issue to the organ, referring to it as the greatest organ in the world, an epoch making
acquisition in the realm of the musical arts.146 What was constructed over a period of three
years was an instrument beyond the physical scope and sonic capabilities of any instrument
ever realized. In six basement vaults, high-pressure wind was fed to a network of over
33,000 pipes embedded in clusters throughout an enormous building controlled by a console
using advanced electrical engineering and an unfathomably immense system of electrical
wiring. As such its historical importance has been grossly understated, its ongoing decline a
tragic tale of neglect; it is the victim of shifting tides of popular taste and inadequate
custodial funding. There is no better musical example of the type of technological sublime
discussed by David Nye it was a musical instrument equivalent of the Golden Gate bridge,
which at the time appeared beyond debate. Like the awe-inducing power of Niagara Falls to
nineteenth-century visitors, experiences of the Midmer-Losh organ were similarly liquid and
encompassing. An unprecedented flood of tone which provided a tonal energy far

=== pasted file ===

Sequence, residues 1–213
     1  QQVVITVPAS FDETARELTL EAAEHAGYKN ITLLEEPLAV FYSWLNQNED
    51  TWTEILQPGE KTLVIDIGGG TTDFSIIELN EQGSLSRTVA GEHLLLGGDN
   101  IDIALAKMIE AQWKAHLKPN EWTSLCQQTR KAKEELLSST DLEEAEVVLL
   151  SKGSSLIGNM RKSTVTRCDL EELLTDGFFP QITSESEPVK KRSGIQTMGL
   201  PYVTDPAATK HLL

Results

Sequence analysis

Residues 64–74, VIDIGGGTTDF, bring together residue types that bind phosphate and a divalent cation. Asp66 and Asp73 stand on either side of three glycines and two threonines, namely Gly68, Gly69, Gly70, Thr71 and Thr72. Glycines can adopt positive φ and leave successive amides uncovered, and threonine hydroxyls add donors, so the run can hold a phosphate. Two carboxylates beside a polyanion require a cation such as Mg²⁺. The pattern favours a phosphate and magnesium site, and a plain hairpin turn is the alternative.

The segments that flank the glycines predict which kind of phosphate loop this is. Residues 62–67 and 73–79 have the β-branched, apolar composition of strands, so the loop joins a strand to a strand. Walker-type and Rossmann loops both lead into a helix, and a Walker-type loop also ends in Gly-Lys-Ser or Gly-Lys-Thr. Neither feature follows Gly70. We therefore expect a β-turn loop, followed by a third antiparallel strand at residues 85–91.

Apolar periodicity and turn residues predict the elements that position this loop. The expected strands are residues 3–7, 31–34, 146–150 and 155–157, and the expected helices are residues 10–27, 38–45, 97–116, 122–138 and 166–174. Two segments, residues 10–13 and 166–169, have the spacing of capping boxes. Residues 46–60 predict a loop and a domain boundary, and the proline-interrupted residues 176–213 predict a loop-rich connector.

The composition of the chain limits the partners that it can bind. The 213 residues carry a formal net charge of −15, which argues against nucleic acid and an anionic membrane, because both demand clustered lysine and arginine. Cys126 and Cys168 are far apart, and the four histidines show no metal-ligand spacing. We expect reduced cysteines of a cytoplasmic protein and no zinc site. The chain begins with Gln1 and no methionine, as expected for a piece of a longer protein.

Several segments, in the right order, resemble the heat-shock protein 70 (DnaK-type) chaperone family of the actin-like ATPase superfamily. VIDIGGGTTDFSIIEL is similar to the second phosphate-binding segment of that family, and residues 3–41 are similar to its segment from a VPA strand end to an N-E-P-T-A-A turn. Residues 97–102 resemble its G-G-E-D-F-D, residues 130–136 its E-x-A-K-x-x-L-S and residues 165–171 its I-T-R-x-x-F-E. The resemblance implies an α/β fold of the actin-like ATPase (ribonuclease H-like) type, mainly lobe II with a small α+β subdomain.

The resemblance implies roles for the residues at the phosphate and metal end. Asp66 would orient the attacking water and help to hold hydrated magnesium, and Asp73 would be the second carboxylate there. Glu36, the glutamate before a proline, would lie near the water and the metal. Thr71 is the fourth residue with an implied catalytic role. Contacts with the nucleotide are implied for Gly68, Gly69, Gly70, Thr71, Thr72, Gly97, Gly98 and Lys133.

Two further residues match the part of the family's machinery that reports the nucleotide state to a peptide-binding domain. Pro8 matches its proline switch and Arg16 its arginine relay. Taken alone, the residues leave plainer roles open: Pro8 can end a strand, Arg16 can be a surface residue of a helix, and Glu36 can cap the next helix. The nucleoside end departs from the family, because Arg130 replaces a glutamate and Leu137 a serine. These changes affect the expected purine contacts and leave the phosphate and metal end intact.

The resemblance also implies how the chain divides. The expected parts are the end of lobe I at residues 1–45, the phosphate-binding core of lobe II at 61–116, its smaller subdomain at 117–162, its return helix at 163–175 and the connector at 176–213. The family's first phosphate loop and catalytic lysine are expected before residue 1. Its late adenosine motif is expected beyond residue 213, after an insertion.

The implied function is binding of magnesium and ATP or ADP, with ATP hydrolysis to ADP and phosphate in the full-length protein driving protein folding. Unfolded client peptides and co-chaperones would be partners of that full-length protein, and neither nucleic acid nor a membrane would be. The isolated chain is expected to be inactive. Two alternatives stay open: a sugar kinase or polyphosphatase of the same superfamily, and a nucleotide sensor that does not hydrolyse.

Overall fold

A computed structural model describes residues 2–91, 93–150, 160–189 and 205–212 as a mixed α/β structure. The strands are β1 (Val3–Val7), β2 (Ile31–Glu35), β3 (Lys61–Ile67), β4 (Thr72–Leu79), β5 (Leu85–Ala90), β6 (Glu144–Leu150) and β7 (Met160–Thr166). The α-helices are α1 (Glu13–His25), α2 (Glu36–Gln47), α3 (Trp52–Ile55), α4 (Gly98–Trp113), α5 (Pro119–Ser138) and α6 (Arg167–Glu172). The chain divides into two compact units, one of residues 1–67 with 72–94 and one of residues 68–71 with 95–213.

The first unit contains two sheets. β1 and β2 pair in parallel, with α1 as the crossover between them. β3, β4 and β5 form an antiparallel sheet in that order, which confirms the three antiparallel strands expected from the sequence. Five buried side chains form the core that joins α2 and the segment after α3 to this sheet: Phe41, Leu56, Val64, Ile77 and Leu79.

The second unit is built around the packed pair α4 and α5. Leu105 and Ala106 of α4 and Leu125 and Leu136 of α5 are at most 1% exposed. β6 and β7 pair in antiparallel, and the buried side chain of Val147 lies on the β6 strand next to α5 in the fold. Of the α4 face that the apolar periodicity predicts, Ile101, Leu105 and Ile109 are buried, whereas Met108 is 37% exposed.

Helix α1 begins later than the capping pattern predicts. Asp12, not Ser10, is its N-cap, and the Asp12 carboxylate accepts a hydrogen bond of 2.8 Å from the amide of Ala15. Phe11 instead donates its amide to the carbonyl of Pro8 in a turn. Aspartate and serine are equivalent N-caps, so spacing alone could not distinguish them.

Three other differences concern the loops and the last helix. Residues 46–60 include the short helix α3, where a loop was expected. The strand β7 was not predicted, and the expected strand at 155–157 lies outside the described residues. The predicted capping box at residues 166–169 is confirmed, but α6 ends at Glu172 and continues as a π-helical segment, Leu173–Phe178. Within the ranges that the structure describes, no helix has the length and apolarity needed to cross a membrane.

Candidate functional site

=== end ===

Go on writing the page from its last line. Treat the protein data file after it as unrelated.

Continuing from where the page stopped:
surpassing anything hitherto considered possible was how one visitor explained it.147
Indeed the organ had so much power that it was considered nearly an embarrassment
to the Midmer-Losh Company. George Losh believed that showing the organ to potential
customers made them lose out on a number of contracts. This soon-to-be bankrupt
company took steps to avoid unleashing the monster of tone when giving tours: We had
prospective customers who were quite shocked by the volume of tone that came out. They
did not believe that a voicer who had produced such tremendous volume could adjust the


American Organist, August 1932, Volume 15, Number 8, p. 469.

American Organist, April 1930, Volume 13, Number 4, p. 228.

loudness of tone to fit their building and needs.148 It was also a veritable health hazard to be
near the high-pressure stops. Organ tuners would work with cotton in their ears. One of the
most recent organ curators is deaf in one ear from working on it. It would sometimes be too
much for audience members; complaints about its loudness were common. At a climatic
passage of a rendition of Wagners Tannhauser, an audience member approached the organist
pleading to play quieter.149 A familiar secular-emphasized organ repertoire would be the
employed in the Hall triggering trembling thunder pieces such as The Storm composed for
the Hope-Jones organ in Ocean Grove and other nautical pieces including the quasi-sailor
song Return of the United States Marines.

Figure 15. Relative Scale of the 32-foot Diapason


Stephen D Smith, Atlantic Citys Musical Masterpiece: The Story of the Worlds Largest Pipe Organ, 69.
November 1930, p. 44.

149 Diapason,


Of all the high-pressure stops in the Midmer-Losh organ, the highest-pressure wind of